Redesign of packaging for existing products may be prompted by several factors. Many times, a company may simply want to breathe new life into a maturing product by updating its image or adding a new gimmick to the package, such as an easy-pour spout. Or, a company may redesign the package to respond to a competitive threat, such as a new product that is more visible on the shelf. Other strategic reasons for package redesign include:

Even small packaging changes for established brands and products typically require careful consideration, since millions of dollars are often at risk if a company alienates or confuses customers. In 1988, for example, the Adolph Coors Co. changed the words "Banquet Beer" on its beer container labels to "Original Draft." Although the label change was generally successful, sales dropped in southern California and west Texas, the two regions where Coors beer had been sold since the 1940s. Many customers there were confused by the change and assumed that Coors had altered the product. Coors changed the label back to "Banquet Beer" in those two areas and sales recovered.

A second reason for package design is to extend a product or brand line. An example of a product line extension is Anheuser-Busch Companies' Busch Light beer, which is an extension of the Busch beer product line. Another example is the Tide detergent brand line, which was extended to include Tide Free, a detergent without dyes or perfumes. In the case of product extensions, the packaging strategy is usually to closely mimic the established brand or product, but to integrate the benefits of the new feature into the existing package in such a way that customers will be able to easily differentiate it from other products in the line. There are, however, significant risks inherent in packaging for extensions because a new package may confuse customers or frustrate retailers.

The third impetus for package design is the need to generate housing for an entirely new product. This is the most difficult type of packaging to create because it often requires the designer to instill consumer confidence in an unknown product or brand, and to inform the buyer about the product's uses and benefits. Packaging for products and brands that are entirely new to the marketplace require the most education, and are therefore the most challenging to develop. In contrast, packaging for goods that are entering established product categories require less education, they must, however, overcome established competition. In general, packaging strategies for such products entail mimicking the packaging of leading products, which helps to assure the buyer that the product is "normal." For instance, packaging strategies of salad dressing, soda, eggs, toothpaste, and milk are all similar.

An example of a new product launch that demonstrates the importance of packaging in the marketing mix is Ore-Ida Foods, Inc.'s introduction of Deep Fries in the early 1970s. Deep Fries were frozen, oil-coated french fries that were cooked in the oven. Although they were comparatively expensive, Deep Fries were more convenient to prepare and better tasting than other frozen fries. The package was designed to convey to consumers that the product was premium and it offered "Deep Fried flavor and crispness without deep frying."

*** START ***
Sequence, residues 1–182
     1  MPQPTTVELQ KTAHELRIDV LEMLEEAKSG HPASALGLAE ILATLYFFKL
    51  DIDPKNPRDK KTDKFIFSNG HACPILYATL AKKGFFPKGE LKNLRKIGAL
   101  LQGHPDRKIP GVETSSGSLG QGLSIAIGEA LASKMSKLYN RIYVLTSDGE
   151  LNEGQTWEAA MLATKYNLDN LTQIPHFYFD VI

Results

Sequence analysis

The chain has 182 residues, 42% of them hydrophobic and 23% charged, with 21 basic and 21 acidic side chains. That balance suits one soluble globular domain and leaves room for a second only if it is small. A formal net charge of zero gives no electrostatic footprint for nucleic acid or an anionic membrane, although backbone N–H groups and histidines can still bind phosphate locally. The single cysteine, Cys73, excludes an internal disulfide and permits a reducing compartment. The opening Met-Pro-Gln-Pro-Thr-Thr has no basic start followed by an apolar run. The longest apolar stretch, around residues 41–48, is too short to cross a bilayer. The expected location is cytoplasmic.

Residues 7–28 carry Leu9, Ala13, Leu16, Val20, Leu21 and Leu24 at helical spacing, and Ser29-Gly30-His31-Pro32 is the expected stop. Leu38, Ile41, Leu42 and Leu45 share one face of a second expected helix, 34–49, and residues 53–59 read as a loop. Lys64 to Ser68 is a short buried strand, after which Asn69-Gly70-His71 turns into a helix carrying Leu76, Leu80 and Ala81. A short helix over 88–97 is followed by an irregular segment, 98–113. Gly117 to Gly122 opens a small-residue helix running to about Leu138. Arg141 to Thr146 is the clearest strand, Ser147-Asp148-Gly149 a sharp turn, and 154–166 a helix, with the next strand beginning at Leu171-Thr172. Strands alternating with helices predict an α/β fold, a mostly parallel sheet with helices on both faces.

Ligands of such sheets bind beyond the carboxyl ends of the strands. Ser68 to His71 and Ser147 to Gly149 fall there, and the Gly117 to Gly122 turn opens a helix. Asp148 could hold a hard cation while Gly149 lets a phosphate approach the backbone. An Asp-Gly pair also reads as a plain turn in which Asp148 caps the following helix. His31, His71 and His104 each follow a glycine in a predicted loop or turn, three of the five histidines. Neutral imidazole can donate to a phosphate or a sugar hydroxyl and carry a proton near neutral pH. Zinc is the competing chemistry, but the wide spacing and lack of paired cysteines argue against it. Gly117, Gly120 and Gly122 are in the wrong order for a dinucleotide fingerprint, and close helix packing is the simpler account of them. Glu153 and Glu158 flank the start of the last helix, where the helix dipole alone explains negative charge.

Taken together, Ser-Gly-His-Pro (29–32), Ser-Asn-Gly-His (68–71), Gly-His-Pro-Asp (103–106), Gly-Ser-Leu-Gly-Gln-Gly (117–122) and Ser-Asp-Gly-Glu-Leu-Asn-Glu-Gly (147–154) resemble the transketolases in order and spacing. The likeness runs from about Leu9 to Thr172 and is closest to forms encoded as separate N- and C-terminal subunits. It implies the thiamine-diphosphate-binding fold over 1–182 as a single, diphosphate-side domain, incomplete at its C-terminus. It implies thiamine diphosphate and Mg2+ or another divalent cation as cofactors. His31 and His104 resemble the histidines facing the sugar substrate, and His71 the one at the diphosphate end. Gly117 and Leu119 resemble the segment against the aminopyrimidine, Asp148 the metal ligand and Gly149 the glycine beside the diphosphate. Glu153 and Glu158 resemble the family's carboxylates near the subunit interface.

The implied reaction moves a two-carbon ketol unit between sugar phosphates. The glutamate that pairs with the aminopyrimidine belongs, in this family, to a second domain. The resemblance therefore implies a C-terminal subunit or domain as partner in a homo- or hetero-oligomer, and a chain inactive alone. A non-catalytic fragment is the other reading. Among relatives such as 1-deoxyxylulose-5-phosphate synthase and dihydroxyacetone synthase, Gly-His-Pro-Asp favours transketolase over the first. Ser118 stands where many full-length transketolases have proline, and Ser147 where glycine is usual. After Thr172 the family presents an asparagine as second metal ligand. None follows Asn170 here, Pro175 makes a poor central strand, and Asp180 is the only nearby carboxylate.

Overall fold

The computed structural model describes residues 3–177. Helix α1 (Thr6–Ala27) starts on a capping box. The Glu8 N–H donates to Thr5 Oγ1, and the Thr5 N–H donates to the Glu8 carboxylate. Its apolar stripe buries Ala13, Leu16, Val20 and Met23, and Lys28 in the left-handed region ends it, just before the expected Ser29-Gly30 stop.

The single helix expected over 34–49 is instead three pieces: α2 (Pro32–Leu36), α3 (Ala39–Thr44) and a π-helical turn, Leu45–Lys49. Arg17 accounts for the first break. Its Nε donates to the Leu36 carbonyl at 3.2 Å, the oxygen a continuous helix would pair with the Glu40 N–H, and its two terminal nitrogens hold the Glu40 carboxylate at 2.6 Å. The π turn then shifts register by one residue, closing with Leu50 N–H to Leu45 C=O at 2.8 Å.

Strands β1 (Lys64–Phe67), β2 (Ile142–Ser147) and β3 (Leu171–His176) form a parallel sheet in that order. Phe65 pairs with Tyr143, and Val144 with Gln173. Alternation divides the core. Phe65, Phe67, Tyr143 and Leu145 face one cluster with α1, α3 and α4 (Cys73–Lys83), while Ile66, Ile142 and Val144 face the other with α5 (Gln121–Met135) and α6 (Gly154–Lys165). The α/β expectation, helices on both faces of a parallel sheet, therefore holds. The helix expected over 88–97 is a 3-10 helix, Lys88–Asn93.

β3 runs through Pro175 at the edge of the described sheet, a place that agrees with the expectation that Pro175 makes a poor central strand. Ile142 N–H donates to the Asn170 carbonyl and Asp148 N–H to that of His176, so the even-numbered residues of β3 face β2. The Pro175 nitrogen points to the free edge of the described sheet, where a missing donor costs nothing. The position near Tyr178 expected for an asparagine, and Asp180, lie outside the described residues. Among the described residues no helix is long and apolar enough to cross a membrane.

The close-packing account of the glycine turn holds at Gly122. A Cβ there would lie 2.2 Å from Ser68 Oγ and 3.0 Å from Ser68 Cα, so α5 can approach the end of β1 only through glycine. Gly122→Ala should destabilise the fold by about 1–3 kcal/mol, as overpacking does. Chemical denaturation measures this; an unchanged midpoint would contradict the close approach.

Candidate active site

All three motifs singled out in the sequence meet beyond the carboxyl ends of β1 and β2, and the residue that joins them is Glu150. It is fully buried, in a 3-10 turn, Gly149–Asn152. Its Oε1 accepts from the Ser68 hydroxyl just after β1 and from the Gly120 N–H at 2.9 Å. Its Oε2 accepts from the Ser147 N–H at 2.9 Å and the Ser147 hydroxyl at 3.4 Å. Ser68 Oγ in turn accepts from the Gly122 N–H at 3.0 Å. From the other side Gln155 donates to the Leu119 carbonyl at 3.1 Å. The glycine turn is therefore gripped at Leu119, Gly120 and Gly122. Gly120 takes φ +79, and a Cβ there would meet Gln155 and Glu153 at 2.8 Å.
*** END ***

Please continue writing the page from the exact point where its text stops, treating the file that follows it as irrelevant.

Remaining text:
The initial launch was successful and Deep Fries soon cultivated a small group of loyal customers. Nevertheless, sales growth failed to meet projections. Consumer research showed that the Deep Fries package succeeded in conveying a premium image but had failed to inform customers of the benefits of Deep Fries. In fact, many customers had purchased the product simply because of the quality of the packaging. Other would-be customers never tried the product because they were unable to justify its high price. Those that did buy the product realized its benefits, were satisfied, and continued to buy.

Ore-Ida developed two new packages and eventually selected one that proved, through market tests, to achieve the desired sales growth. Its new package changed the quote "Deep Fried flavor and crispness without deep frying" to "The Self Sizzlers, they make your oven work like a deep fryer." In addition, the Ore-Ida name was replaced with Ore-Ida's parent company name, H.J. Heinz Co., which served to soften the expensive, premium image. The phrase "Heinz, Self Sizzling Deep Fries" was also added to the package. The product eventually captured a loyal groups of customers characterized as working women who habitually purchased the best, most convenient products.

[ Dave Mote ,

updated by Karl Heil ]


Boyd, Harper W., Jr., and Orville C. Walker Jr. Marketing Management: A Strategic Approach. Boston: Irwin, 1990. Doyle, Mona. Packaging Strategy: Winning the Consumer. Lancaster, PA: Technomic Publishing, 1996.

Erwin, Lewis, and L. Hall Healy Jr. Packaging and Solid Waste. New York: American Management Association, 1990. Hisrich, Robert D. Marketing. New York: Barron's Business Library, 1990.

McCarthy, E. Jerome, and William D. Perreault Jr. Basic Marketing. 13th ed. New York: McGraw-Hill College Div., 1998. Mehegan, Sean. "Green on Green." Brandweek, 20 May 1996, 43.

Rosette, Jack L. Improving Tamper-Evident Packaging. Lancaster, PA: Technomic Publishing, 1992.

Schoell, William F., and Joseph P. Guiltinan. Marketing: Contemporary Concepts and Practices. 5th ed. Boston: Allyn and Bacon, 1992.

Stem, Walter. Handbook of Package Design Research. New York: Wiley, 1981.